The past nine months have brought a terrific recovery at Foundation Health, a provider of managed care to more than 3.4 million people. After losing a massive federal contract for Hawaii and California last July that had accounted for about 40% of its revenues, Foundation's stock plummeted from 35 to 18 in a matter of days. But Chairman and CEO Daniel Crowley pushed to broaden the company's nongovernment business of providing one-stop health-care shopping. Result: Profits have surged, and the stock has soared to 41.
With such a phenomenal rebound, has Foundation reached its peak? Not by a long shot, say some big investors who snapped up additional shares when the stock plunged. These include T. Rowe Price, which increased its stake to 10%, and Mutual Series Mutual Fund, now a 5% stakeholder.
In spite of the stock's bounce-back, the "valuation of Foundation remains compelling, and we are retaining our buy rating on the shares," says Margo L. Vignola, a health-care analyst at Salomon Brothers. She notes that Foundation's rapid internal growth, combined with its acquisitions of other companies, more than made up for the loss of its five-year, $3.5 billion contract for Civilian Health & Medical Programs for Uniformed Services.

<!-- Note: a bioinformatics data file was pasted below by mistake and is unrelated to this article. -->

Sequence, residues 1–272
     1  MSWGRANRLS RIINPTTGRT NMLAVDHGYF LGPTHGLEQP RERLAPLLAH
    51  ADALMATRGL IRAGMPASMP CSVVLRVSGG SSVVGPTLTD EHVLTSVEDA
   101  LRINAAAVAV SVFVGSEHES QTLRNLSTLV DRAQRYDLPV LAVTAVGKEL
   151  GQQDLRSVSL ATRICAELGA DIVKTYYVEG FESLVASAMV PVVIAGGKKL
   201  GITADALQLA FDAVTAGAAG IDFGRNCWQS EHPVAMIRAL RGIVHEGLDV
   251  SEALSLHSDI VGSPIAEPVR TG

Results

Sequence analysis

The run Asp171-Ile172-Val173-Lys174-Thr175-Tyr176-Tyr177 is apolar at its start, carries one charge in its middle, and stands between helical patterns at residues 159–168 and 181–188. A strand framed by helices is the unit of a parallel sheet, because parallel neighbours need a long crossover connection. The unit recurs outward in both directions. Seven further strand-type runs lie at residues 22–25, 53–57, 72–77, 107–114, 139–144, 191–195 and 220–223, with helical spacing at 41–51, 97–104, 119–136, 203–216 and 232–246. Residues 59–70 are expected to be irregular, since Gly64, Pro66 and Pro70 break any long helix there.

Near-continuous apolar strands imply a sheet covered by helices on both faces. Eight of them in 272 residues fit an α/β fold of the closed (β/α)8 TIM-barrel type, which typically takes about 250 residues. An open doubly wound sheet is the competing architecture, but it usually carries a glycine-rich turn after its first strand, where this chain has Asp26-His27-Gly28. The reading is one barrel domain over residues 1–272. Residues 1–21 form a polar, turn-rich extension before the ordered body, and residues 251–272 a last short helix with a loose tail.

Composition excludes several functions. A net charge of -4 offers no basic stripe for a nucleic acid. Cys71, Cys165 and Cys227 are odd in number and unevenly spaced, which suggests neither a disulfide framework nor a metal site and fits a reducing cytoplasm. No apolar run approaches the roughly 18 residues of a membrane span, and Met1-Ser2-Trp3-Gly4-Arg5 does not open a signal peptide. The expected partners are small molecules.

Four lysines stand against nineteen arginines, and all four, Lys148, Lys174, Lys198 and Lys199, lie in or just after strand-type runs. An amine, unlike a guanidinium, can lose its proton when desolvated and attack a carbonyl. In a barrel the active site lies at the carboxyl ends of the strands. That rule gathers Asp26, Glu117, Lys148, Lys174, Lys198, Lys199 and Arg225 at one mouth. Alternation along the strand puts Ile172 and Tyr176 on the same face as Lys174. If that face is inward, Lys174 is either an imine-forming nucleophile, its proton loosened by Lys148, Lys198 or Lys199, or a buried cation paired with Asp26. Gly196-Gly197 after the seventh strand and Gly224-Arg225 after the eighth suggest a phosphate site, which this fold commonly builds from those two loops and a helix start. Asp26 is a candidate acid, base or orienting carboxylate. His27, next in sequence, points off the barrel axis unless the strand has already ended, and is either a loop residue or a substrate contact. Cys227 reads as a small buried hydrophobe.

PROGNOSIS GOOD. In a matter of days, the company is expected to announce the acquisition of a company that provides a 24-hour-a-day emergency service to care for job-related injuries. There are also whispers that Foundation will shortly sign a strategic alliance with a larger health-care corporation. On May 4, Foundation announced the signing of a two-year Medicaid contract to provide managed-care dental coverage in Hawaii.
Through its subsidiaries, Foundation offers group, individual, Medicare, and Medicaid HMO plans--including dental, eye, and prescription-drug services.
Foundation is still trading near the bottom of its peer group in terms of its price-earnings multiple. Its current p-e is 14 vs. a group average of 20.
Foundation surprised analysts when it announced the results for its fiscal third quarter ended Mar. 31. Earnings came in at 68 cents a share, up from expectations of 63 cents. Consequently, Vignola has raised her estimate for the year ending June 30, 1994, from $2.65 a share to $2.77. Her fiscal 1995 estimate is $3.10. Revenues are expected to rise to $1.8 billion in 1995, up from 1994's estimated $1.7 billion.